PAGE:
A three piece Dutch Electronic Music
group (most commonly Drum and Bass, but they've dabbled in plenty of other genres), Noisia (usually styled NOISIΛ, which is Vision upside down), composed of Nik Roos, Martijn van Sonderen and Thijs de Vlieger have become one of the most popular EDM groups of recent times. Their signature use of distorted, resampled basslines
has become one of their most famous attributes, and many have considered them one of the most important influences towards towards the current sound of Electronic Music
, with many notable producers, (even including Skrillex
himself) citing them a direct inspiration. They usually release their songs through their own 3 record labels, Vision, Division, Invisible records, although they have also released material through others, notably Deadmau5
's label mau5trap. Due to their popularity, their songs have appeared in many Video Games
as of late (including the Wipeout
series and, perhaps most infamously they have created one half of the original soundtrack for DmC Devil May Cry
- Split the Atom (2010)
- Split the Atom: Special Edition (A re-release of their first album with new remixes) (2012)
- Exodus (ft. Mayehm and KRS-One) (2007)
- Stigma / Crank (2008)
- Program (ft. Phace) / Regurgitate (2011)
- Machine Gun (2010)
- Tommy's Theme (2011)
- Could This Be (2011)
- Imperial EP (2012)
- Hadouken!'s For the Masses (the bands second album, which was produced by Noisia) (2010)
- Korn's The Path of Totality (Noisia produced 3 songs on the album) (2011)
- Wiley's Papers (a song produced under their alternative name Nightwatch)
- ''FabricLive.40'' (a DJ mix album, 40th in a series for the famed London nightclub) (2008)
- ''I AM LEGION'' (a collaborative album with rap group Foreign Beggars.) (2013)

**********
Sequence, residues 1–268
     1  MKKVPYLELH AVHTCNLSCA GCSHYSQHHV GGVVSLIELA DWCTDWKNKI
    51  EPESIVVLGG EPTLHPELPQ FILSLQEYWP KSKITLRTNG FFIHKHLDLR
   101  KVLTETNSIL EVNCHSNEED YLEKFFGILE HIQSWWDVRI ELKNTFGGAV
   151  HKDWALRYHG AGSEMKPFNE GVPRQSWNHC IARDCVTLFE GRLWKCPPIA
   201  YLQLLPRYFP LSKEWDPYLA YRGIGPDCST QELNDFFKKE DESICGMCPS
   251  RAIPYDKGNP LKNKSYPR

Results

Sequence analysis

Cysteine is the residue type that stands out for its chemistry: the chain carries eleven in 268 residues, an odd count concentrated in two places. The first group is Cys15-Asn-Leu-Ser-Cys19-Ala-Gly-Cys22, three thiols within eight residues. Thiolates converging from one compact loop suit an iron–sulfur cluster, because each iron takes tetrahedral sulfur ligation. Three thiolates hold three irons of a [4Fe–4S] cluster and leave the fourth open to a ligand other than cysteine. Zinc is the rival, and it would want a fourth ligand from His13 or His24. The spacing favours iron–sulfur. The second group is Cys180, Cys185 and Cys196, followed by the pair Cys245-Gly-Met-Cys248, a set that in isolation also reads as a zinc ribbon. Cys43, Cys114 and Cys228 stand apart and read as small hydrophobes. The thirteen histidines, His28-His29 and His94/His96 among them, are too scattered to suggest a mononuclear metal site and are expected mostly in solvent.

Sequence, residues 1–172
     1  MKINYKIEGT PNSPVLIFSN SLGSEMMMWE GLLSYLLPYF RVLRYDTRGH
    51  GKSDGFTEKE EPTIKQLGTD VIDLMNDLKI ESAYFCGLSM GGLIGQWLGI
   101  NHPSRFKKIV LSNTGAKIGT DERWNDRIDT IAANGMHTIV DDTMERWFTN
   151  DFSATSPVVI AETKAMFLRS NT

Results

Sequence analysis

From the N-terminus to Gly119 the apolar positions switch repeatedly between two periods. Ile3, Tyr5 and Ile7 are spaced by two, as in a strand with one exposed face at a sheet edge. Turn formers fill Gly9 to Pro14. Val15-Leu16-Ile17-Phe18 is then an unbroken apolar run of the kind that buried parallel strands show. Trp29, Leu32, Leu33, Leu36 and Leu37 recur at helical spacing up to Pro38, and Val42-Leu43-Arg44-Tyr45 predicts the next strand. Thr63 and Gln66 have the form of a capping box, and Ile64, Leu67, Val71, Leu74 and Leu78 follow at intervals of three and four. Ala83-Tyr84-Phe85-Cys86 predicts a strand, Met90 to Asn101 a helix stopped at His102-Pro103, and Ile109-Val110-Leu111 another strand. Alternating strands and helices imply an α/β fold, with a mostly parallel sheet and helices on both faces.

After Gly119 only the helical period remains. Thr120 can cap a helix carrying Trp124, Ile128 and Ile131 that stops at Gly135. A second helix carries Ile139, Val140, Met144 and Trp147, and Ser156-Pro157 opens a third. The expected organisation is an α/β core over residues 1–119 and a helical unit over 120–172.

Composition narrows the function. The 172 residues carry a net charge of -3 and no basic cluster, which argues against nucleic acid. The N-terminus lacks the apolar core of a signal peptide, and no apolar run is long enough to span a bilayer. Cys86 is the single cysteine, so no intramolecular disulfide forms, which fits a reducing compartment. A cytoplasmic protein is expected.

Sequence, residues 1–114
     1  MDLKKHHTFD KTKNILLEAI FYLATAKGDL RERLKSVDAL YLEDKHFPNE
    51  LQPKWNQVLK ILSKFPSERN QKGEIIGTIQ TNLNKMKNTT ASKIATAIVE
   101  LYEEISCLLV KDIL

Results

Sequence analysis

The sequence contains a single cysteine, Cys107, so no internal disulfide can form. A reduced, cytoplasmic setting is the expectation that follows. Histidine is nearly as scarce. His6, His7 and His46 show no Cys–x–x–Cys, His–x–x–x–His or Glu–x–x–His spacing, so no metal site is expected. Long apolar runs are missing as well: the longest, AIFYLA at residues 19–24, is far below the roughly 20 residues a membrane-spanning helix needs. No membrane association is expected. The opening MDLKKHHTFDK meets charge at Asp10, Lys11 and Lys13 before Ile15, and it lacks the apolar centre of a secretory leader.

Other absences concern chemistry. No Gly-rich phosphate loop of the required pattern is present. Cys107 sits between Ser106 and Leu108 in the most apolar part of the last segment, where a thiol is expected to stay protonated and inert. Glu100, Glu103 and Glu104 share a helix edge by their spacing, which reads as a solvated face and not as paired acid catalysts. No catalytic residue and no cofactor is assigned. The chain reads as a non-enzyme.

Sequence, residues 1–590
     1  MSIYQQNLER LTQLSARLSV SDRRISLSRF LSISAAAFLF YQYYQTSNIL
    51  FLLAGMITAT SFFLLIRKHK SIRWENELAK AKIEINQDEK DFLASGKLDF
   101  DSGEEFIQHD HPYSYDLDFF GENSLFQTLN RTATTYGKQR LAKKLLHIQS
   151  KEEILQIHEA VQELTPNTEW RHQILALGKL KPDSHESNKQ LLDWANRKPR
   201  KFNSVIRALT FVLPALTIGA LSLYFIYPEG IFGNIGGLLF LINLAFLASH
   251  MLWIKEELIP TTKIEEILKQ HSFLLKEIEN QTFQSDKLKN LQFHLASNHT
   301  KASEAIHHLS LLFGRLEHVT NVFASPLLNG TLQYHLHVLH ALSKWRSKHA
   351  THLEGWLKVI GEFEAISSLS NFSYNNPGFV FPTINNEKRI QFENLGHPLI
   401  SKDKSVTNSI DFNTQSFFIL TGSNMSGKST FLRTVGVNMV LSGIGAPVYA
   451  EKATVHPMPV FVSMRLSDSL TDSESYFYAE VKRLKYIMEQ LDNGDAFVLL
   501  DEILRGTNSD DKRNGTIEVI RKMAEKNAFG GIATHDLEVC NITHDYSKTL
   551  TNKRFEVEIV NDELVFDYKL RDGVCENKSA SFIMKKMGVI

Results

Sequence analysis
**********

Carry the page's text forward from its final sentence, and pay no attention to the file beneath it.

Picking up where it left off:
Noisia contains examples of
- A Wild Rapper Appears: KRS One appears in the middle of "Exodus".
- Album Title Drop: The song Split the Atom namedrops the album it appears on, Split the Atom
- Early-Installment Weirdness: Noisia used to release non-Neurofunk songs under the names Drifter and Hustle Athletics, however they eventually decided to release everything as Noisia to avoid being pigeon-holed. They also briefly did production for different artists under the name Nightwatch, however they may or may not be doing everything as Noisia again.
- Electronic Music: They've done:
- Genre-Busting: Combined Drum and Bass, Techstep, Darkstep, Neurofunk and a whole lot of others to create their Signature Style, going on to influence many other producers, even to this day.
- Hell Is That Noise: Most of what they make tends to invoke this.
- Lighter and Softer: A couple of their songs, like Could This Be are quite a bit lighter than their traditional output while still keeping their signature style.
- Loudness War: Also intentionally invoked.
- Miniscule Rocking: They've done a lot of fairly shot (under two minutes) long songs, for some odd reason.
- Mohs Scale of Rock and Metal Hardness: If they did ever fit into the scale, they would be an all-out 10, which would be better exemplified by "Regurgitate", but they can get all over the scale: "Machine Gun" for example would be an 8-9 (the part starting at 1:30 would be a 10, however), or "Yellow Brick", a well-exemplified, elctronic-ified 6.
- Signature Style: Furious, resampled bass lines. While not the first to do this, they perfected it and easily became the kings of these elements.
- Shout Out: The cover art to the Seven Stitches/Groundhog single features two antigravity crafts racing.
- It's really blatant, too: if you look closely, you can read: "As heard in Wipeout Pulse and Wipeout HD".
- Truck Driver's Gear Change: Very well-executed in "Machine Gun", at circa 1:30. It almost feels like you're hearing a completely different song.